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Introducing “Wrinkles”     −by Don Wolfe RM981
{ from  Summer 2011 BoTales }
   The first coin of this carver has been in my collection for a few years. I was able to purchase the second coin from Owen Covert when I saw the distinctive resemblance to the coin I already had. I talked with Art DelFavero about the coins and sent him pictures. He was able to locate a match for the third one. After looking at the coins, I decided that I liked the name “Wrinkles” because of the lines in the face are so similar.
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   The Carving Characteristics for “Wrinkles” are listed as follows:
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Additional “Wrinkles” Carving
    1) High domed hat with the brim that comes to a point at the front and back. The brim may or may not have horizontal lines cut into it.
    2) The hat band does not have a bow but has horizontal lines cut into it for shading.
    3) Liberty and dates are still on coins, but various dates were used.
    4) Hair and beard are punched.
    5) Profile is altered at the bridge of the nose.
    6) The collar is comprised of two slightly curved but parallel lines with interior lines cut in for shading.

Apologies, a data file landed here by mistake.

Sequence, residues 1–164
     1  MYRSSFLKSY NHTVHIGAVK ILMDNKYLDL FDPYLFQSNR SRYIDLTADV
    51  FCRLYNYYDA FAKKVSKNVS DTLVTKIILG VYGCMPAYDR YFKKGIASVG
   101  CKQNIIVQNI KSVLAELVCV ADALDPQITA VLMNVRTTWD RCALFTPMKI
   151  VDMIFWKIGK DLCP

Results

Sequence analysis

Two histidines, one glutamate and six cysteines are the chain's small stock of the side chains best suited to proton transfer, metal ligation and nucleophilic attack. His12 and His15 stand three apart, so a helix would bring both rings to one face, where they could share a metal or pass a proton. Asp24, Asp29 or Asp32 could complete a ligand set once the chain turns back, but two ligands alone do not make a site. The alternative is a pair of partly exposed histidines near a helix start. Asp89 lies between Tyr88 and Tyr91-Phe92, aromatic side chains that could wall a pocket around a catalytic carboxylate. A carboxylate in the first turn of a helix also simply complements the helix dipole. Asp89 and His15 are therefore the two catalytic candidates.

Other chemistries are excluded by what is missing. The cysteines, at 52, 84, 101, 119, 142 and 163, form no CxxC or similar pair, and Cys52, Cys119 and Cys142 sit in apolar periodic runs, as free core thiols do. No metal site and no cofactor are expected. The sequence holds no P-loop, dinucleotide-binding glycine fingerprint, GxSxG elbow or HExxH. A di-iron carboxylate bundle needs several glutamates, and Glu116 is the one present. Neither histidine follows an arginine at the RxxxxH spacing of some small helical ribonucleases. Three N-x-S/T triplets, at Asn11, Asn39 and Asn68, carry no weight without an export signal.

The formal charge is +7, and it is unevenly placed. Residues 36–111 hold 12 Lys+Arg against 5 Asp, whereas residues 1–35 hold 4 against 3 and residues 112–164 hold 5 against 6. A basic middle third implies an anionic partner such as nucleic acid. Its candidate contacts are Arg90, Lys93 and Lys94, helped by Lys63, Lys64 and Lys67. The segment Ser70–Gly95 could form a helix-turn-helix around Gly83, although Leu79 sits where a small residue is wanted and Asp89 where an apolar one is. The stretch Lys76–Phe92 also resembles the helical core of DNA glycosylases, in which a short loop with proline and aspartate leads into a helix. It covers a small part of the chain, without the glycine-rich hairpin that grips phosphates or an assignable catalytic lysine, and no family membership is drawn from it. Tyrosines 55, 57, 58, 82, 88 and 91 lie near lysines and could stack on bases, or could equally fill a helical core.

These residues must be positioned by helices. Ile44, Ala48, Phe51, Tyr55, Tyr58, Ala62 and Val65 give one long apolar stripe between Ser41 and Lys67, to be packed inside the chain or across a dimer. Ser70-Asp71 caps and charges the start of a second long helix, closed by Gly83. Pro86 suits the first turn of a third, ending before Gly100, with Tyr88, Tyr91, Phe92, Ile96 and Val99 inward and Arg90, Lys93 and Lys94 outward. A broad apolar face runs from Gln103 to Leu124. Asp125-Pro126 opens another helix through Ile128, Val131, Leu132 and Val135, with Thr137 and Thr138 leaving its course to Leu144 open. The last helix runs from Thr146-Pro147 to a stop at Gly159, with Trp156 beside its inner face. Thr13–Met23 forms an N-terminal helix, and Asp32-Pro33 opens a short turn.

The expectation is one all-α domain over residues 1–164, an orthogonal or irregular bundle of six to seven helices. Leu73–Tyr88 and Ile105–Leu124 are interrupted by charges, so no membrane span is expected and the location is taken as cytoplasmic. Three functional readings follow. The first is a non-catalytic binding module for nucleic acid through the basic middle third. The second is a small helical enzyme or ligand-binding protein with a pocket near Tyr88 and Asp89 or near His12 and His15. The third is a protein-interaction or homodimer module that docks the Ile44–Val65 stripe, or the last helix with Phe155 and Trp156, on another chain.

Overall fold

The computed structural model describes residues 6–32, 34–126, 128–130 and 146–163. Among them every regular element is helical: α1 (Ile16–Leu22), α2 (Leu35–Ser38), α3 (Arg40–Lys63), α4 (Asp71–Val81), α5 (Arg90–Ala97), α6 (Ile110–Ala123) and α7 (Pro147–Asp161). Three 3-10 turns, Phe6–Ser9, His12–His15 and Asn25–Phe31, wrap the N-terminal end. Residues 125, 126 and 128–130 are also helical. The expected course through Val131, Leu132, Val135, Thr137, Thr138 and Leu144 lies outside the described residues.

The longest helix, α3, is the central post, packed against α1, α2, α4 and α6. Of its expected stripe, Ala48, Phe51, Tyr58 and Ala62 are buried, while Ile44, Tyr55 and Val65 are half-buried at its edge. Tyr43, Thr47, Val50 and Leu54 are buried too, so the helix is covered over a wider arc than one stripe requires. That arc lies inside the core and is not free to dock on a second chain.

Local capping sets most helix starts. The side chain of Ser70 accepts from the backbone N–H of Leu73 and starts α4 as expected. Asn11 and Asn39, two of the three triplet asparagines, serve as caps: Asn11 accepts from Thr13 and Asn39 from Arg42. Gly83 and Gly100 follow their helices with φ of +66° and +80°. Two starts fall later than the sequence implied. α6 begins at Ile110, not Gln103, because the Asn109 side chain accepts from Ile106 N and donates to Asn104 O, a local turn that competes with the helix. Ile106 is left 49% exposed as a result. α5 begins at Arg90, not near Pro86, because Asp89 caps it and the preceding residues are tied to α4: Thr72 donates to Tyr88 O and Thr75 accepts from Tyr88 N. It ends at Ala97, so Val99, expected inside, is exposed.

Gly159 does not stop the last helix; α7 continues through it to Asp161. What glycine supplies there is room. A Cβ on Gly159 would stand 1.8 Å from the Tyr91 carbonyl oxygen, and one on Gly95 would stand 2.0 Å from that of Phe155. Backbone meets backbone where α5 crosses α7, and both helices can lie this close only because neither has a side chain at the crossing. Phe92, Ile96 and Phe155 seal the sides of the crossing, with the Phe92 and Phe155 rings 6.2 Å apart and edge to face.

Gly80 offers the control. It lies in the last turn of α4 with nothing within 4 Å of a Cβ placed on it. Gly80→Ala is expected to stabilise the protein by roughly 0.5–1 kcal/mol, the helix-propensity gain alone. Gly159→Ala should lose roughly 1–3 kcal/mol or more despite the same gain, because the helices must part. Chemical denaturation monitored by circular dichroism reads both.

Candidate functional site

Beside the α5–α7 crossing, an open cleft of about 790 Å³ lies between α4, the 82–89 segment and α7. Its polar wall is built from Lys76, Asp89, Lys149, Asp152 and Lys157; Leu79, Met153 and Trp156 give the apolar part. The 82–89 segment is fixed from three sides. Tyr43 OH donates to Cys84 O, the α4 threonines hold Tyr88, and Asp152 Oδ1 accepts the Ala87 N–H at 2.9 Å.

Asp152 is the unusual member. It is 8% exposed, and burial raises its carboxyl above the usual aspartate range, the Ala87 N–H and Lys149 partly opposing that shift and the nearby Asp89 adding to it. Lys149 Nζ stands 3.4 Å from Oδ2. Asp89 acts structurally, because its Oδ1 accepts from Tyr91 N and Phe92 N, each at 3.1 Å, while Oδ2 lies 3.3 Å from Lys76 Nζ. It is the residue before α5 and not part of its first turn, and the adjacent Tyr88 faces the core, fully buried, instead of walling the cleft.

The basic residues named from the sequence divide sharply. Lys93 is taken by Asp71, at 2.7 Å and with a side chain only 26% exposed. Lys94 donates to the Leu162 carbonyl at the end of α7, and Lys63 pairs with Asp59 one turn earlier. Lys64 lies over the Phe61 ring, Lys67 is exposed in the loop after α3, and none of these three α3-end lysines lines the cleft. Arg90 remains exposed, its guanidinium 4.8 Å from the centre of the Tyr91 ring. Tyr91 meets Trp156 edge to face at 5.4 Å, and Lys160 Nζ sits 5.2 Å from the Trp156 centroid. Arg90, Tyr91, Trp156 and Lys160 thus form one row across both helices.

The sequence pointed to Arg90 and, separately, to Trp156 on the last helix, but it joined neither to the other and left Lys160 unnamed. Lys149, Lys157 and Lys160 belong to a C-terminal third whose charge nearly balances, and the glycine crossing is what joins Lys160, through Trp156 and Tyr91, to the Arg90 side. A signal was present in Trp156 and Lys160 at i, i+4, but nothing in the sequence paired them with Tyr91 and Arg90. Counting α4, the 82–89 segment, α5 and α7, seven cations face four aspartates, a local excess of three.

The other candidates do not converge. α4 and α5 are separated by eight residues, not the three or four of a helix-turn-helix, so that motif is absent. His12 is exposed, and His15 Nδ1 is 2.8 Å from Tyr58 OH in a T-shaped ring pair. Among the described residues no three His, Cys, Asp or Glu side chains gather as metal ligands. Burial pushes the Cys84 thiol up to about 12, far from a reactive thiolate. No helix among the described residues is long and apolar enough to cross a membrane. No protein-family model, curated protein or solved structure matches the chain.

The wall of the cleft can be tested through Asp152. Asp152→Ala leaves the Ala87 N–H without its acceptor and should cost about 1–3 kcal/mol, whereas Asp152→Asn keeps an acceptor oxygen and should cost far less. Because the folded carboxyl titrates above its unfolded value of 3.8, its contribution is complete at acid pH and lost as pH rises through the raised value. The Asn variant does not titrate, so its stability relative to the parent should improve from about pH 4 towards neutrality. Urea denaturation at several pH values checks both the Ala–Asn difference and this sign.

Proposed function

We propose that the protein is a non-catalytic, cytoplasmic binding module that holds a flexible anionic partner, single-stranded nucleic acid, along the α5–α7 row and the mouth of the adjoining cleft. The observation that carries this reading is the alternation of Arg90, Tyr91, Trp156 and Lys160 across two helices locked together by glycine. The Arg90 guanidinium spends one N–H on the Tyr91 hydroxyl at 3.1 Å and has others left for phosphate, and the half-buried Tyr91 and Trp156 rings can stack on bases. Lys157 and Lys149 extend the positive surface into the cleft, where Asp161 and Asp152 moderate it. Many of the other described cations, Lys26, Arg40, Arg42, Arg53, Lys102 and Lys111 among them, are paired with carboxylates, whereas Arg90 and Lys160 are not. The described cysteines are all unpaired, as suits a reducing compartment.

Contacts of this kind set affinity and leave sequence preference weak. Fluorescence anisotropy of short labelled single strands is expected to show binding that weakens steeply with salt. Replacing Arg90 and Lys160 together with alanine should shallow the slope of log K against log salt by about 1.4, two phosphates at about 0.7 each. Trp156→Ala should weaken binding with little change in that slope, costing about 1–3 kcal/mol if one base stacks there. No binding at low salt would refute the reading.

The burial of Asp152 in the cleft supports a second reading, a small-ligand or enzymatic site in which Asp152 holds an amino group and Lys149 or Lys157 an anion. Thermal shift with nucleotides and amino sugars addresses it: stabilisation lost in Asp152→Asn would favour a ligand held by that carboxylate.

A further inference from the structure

7) The ear is in the approximate center of the head and has the center cut out.
    8) The field has been smoothed.
    9) And of course the wrinkle lines cut into the forehead, at the corner of the eye, and at the side of the nose and mouth.
Introducing “Diamond Jim”     −Marc Banks RM538 with Warren Stabler RM848
{ from  Summer 2011 BoTales }
   Among several original hobo nickels I purchased at the ANA show in Boston this past year was a carving of a bearded man wearing a derby with a stick pin by an unknown carver. Lines emanating from the stick pin suggest a diamond. Having seen this attribute before, I began looking through old auction lots and guide books for similar carvings possibly done by the same individual. I was lucky and found a match on page 34 of Steve Alpert's Guide Book. This same nickel was Lot #76 in the 2001 OHNS Auction. Pictures of the two nickels appeared in the “Three is a match” column in the 2011 Volume of BoTales. Art DelFavero located another example in the OHNS Archives. This third specimen is in the collection of Warren Stabler. I am naming this carver “Diamond Jim” after the distinctive stick pin.
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   In addition to the distinctive stick pin, carvings by “Diamond Jim” possess the following Carving Characteristics:
    1) An altered profile, eye and nostril.
    2) An ear that extends up into the brim of the hat, the ear has a thick outer edge.
    3) A domed hat with a brim that is upturned on the side and rounded (three dimensional) front and back.
    4) A narrow hat band formed by two lines − two examples also possess a small rectangle and a feathered edge.
    5) The beard and eyebrow are punched different sized punches and/or a multi-pointed graver/liner tool were employed.